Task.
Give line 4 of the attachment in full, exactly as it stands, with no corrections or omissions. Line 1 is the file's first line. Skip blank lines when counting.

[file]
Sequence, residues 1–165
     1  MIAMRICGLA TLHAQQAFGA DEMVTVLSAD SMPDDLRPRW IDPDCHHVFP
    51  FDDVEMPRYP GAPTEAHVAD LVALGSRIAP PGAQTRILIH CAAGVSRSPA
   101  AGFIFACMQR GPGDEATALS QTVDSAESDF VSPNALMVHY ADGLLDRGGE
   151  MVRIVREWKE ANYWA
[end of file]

   101  AGFIFACMQR GPGDEATALS QTVDSAESDF VSPNALMVHY ADGLLDRGGE